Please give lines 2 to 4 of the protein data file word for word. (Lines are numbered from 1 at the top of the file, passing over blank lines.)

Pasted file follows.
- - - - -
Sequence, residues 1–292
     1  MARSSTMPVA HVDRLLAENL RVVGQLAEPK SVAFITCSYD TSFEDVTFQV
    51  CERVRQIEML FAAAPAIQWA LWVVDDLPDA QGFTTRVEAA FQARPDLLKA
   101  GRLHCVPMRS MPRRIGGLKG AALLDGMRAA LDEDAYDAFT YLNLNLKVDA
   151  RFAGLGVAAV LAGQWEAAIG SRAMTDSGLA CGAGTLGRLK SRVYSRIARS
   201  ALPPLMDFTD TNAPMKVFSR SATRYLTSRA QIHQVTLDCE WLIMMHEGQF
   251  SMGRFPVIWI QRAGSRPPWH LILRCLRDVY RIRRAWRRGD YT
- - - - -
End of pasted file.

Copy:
     1  MARSSTMPVA HVDRLLAENL RVVGQLAEPK SVAFITCSYD TSFEDVTFQV
    51  CERVRQIEML FAAAPAIQWA LWVVDDLPDA QGFTTRVEAA FQARPDLLKA
   101  GRLHCVPMRS MPRRIGGLKG AALLDGMRAA LDEDAYDAFT YLNLNLKVDA